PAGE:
Adi’s lawyer, Leopold, said members of Congress nationwide should look to Ryan’s efforts as an example of what standing up for a constituent looks like.

Brandon Kovach, owner of Kovach Companies in downtown Youngstown and a longtime political activist, was present when Adi got the news Thursday morning.

“He hugged me for five minutes,” Kovach said. “He’s got the biggest heart of anyone I know. I come down here every day for lunch, and when I first moved my business downtown, he made me feel included and introduced me to people in the community. He’s one of the reasons why I kept my business downtown.”

Kovach also was present while Ryan and Winbush’s teams worked together to secure the stay.

“It was amazing to see Democrats and Republicans put aside everything to make this happen during one of the most polarized times in American politics,” he said. “It just goes to show what we can accomplish when we put aside our differences.”

Portman’s spokeswoman Emmalee Kalmbach offered a comment regarding the day’s developments.

“Senator Portman has spoken with Congressman Ryan, our staff has been in touch with Mr. Adi’s attorney, and we have reached out to ICE about his case,” she said.

Winbush said she and Adi are longtime friends and that she began working with Ryan when she learned about Adi’s upcoming deportation.

“Al is an asset. The Mahoning Valley does not need to have business owners and supportive members of our community removed from the region,” she said. “This was a bipartisan, community-driven effort. This is why we do what we do.”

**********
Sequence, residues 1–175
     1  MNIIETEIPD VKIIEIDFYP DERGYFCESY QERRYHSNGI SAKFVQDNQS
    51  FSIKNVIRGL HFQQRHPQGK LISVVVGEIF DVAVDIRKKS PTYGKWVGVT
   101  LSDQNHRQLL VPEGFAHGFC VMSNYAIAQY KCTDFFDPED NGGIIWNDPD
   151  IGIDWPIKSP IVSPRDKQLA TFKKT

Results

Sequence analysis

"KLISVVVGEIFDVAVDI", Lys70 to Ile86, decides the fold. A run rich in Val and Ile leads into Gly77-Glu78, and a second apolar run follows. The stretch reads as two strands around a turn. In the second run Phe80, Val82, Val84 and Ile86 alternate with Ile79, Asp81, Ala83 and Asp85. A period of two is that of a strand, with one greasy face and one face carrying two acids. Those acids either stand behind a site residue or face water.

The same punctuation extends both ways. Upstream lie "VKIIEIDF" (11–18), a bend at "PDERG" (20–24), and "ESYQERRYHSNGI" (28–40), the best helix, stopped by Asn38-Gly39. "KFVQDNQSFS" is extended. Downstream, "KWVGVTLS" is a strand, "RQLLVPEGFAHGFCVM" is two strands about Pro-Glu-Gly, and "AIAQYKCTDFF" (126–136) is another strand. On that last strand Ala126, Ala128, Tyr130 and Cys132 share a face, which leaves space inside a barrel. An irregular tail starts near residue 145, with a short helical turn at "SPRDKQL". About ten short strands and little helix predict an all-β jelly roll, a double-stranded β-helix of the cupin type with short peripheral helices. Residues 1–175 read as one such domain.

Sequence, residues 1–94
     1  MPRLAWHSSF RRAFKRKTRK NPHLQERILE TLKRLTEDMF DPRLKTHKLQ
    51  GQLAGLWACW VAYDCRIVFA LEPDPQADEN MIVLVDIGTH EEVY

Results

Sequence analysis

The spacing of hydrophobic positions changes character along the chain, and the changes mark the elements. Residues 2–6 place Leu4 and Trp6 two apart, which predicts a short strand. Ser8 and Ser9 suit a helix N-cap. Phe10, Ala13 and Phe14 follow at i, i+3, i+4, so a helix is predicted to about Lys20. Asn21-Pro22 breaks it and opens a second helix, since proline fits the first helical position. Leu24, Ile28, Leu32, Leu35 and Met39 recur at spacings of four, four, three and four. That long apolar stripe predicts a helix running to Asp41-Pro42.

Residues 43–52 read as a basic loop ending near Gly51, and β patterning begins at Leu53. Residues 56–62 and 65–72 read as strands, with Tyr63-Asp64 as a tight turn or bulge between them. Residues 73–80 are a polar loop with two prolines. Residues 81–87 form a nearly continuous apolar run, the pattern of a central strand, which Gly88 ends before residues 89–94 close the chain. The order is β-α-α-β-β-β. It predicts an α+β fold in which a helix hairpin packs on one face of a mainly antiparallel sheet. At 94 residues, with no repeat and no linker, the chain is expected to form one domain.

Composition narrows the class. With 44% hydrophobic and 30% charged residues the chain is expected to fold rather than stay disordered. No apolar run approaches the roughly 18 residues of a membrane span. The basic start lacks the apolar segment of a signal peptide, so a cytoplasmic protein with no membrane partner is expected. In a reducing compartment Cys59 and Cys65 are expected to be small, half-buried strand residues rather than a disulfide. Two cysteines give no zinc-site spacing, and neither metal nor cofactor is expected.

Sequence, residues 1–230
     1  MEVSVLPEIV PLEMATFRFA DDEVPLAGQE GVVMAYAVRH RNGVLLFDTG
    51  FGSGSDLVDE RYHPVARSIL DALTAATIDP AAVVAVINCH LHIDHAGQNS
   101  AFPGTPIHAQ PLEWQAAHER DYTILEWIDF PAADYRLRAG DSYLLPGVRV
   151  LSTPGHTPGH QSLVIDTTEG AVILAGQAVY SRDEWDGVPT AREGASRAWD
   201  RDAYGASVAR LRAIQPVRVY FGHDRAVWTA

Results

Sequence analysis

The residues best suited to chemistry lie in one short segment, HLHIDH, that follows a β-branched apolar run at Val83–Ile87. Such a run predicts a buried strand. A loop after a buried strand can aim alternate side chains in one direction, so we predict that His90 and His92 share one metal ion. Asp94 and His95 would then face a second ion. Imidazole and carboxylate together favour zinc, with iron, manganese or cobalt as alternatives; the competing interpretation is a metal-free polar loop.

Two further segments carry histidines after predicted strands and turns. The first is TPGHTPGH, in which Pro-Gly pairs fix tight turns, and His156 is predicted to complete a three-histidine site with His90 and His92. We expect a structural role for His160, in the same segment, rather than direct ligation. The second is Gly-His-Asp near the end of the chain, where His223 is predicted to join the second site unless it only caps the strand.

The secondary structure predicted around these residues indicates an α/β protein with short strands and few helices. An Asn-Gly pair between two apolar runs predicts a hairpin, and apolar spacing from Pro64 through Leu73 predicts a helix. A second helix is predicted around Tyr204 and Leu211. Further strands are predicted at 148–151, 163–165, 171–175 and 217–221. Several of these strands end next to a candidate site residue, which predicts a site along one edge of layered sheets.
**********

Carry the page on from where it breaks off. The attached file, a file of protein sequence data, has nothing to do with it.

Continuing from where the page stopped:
Though the mood at Adi’s business was celebratory, his lawyer cautioned that Adi isn’t out of the woods yet.

“It’s a travesty of justice that he was ever up for deportation to begin with, but it’s a step in the right direction that ICE [Immigration and Customs Enforcement] is reviewing the case,” Leopold said. “But there’s still a lot of work to do, and a lot that needs to happen before we can start celebrating.”

When asked for comment, a spokesman for ICE referred to the agency’s freedom – thanks largely to a President Donald Trump administration executive order – to deport individuals regardless of investigations related to congressional private bills.

“Just to clarify, there is no stay in place. The removal is temporarily postponed while ICE finalizes removal arrangements,” the spokesman said.

Leopold characterized ICE’s statements as semantics, saying that the postponement and stay are effectively the same thing, and that Adi would find out in the future how long he has until a final decision is made.

“This situation can be concluded very easily. Mr. Adi’s wife wants to sponsor her husband for a green card. They just won’t let her. That’s all it would take to solve this whole issue,” he said.

In the meantime, Adi plans to continue to fight for his status and will continue to run his downtown businesses. He still plans to attend his goodbye party Saturday night at the Arab-American Community Center, though the mood will be significantly different.

“We will still have the party Saturday,” Adi said. “But now it’s a victory party.”

Contributor: Staff writer Kalea Hall